It is difficult to live without a car in Cyprus. According to the EU standards, there is no public transport here.
There are intercity buses that run every hour or two. There are bus routes in cities that run between the center and the suburbs during the day. A trip from one area to another will take lots of hours one way, since sometimes you need to change a bus in a city's center.
Taxis are available in Cyprus, but they are quite expensive. Getting around by bike is difficult due to the heat. If you don't want your life to be within a half-hour walk round your home, you need a car.
We've collected 10 of the most useful and important driving facts in Cyprus. If you decide to buy or rent a car, it will be useful to consider this information.
• The island is a former British colony, therefore there is left-hand traffic in Cyprus. It can be difficult to get used to the new system, therefore, coming to the island from a country with right-hand traffic, in the first days you should be especially careful, follow the traffic rules and use a navigator to make your driving easier. The second point follows from the first point, which at first seems strange and illogical to you: there is priority to the right rule. Left-hand traffic but priority to the right!
• At roundabouts, cars in roundabouts have priority. To enter the roundabout, you must turn on the right turn indicator, and when leaving it, you need to turn the left one.
• Cities of Cyprus are relatively small. Most of them have roads with one or two lanes. Some roads have an extension at intersections, an additional lane to turn right or left. If you intend to go straight, you should not turn off into this lane as other road users will be furious and will not hesitate to inform you about this by all means available to them.
• Traffic lights have a green arrow that allows you to turn left or right. Even if the arrow has already gone out, you can still turn to the green signal, if you first let oncoming cars pass.
• The driver and all passengers are required to wear seat belts. Yes, and those who sit in the back seats too. And if the Cypriot police treat the "back" passengers condescendingly, the driver who is not wearing a seat and / or the passenger sitting in the front seat are usually fined. The amount of the fine (as of May 2020) is €150. Children under 12 years old can only be transported in a special car seat installed strictly on the back seat of the car. From 12 years old, children can be transported without a car seat.
• Speeding is the most common traffic violation in Cyprus. The maximum speed in the urban area is 50 km / h (near schools, kindergartens 30 km / h). Formally, the speed limit on the motorway is 100 km / h. If you accelerate to 119 km / h, this is acceptable, but 120 km / h is considered a violation and is fraught with a fine of € 5 per km, and 2-4 penalty points. If the speeding is up to 50%, from 3 to 6 penalty points are awarded. In case of exceeding the speed limit of 75%, the offender receives from 4 to 8 points. With 12 penalty points, the driver is deprived of his license for a period of six months. Points are canceled after two years. We hope this knowledge is never useful to you, but forewarned means forearmed.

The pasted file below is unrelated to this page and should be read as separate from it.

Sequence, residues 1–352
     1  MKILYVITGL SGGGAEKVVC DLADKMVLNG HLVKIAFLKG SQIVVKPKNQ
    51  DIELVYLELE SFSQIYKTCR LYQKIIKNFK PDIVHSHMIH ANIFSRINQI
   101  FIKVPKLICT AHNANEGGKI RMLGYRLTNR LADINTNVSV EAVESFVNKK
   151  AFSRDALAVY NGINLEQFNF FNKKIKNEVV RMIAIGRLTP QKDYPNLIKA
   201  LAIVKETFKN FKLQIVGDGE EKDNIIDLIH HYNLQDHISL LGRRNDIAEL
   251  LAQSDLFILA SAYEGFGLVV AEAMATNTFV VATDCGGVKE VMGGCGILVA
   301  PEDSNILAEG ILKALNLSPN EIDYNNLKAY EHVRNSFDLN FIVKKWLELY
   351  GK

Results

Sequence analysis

• The second common reason for fines in Cyprus, according to statistics, is talking on a mobile phone while driving. According to the Cyprus Traffic Regulations, if a driver is in a car standing still and the engine is turned on, this is considered "driving". If you need to talk on the phone, it's best to park on the side of the road and turn off the engine. Otherwise, you risk a € 150 fine. You also can't eat or drink (even water) while driving. There are no exceptions to this rule: while driving, both hands must be on the steering wheel. The penalty for the violation is also € 150.
• Drunk driving is not recommended anywhere, including in Cyprus. The maximum allowed blood alcohol level is 0.22 ppm.
The penalty varies depending on the degree of intoxication of the driver:
- 0.22 to 0.35 ppm is € 100 to € 125
- From 0.35 to 0.55 ppm is € 200- € 300
- From 0.55 to 0.7 ppm is € 300- € 500
- More than 0.7 ppm will cost you € 15,000.
In addition, the driver will face trial and could face up to four years in prison. Driving while under the influence of drugs can go to jail for up to six months.
• Parking in the wrong place is also a common cause of fines. Such places include: parking in places for the disabled, on the side of the road with two yellow lines, on the opposite side of the road to traffic, near traffic lights and pedestrian crossings. The fine is €85, and if you leave your car in a disabled parking lot, you face a fine of € 1,285 or up to a year in prison.
• All gas stations in Cyprus operate automatically around the clock (payment by credit card or cash through the terminal), so there are no problems with refueling the car. Some large gas stations have service stations where the oil and filters are changed.
Good luck on the roads of Cyprus!
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